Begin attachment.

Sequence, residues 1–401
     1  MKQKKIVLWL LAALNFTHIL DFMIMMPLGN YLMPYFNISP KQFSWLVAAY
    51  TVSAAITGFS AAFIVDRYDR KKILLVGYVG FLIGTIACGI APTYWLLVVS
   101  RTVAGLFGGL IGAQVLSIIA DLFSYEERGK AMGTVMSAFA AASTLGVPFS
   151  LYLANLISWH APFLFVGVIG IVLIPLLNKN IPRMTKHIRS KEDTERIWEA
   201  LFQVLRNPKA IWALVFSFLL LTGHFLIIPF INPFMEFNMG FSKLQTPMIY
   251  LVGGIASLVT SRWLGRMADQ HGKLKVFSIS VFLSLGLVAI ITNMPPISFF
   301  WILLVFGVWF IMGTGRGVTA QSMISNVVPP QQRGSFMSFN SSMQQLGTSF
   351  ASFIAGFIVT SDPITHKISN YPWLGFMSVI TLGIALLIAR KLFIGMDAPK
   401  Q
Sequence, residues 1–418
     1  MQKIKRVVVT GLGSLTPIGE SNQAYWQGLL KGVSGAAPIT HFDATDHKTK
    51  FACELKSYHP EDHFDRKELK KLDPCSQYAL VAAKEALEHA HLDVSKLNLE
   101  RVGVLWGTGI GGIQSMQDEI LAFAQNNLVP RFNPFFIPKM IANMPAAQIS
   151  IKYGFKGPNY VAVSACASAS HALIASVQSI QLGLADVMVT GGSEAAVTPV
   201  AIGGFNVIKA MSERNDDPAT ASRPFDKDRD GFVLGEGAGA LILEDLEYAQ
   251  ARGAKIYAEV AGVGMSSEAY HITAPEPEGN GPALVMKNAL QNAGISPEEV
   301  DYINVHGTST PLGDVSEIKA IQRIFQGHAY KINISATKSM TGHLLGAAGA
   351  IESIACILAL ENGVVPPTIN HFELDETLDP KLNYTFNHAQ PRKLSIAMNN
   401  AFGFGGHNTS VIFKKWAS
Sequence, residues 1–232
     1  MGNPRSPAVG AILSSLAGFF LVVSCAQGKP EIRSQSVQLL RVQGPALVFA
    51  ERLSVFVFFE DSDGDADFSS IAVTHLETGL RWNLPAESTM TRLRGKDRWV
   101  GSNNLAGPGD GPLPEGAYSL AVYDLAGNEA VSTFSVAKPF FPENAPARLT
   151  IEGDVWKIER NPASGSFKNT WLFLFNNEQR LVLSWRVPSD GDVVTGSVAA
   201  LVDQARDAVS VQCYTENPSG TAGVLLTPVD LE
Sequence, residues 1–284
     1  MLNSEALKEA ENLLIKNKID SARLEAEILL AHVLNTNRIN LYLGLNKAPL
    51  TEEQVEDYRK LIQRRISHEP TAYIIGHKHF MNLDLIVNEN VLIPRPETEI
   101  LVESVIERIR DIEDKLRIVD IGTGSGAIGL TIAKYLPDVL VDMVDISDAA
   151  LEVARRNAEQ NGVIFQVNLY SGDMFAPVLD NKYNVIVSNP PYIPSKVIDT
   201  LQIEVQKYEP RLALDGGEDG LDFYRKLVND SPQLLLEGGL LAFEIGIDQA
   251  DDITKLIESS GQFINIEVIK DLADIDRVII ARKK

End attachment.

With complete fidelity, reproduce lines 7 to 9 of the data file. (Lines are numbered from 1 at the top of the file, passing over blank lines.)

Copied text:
   251  LVGGIASLVT SRWLGRMADQ HGKLKVFSIS VFLSLGLVAI ITNMPPISFF
   301  WILLVFGVWF IMGTGRGVTA QSMISNVVPP QQRGSFMSFN SSMQQLGTSF
   351  ASFIAGFIVT SDPITHKISN YPWLGFMSVI TLGIALLIAR KLFIGMDAPK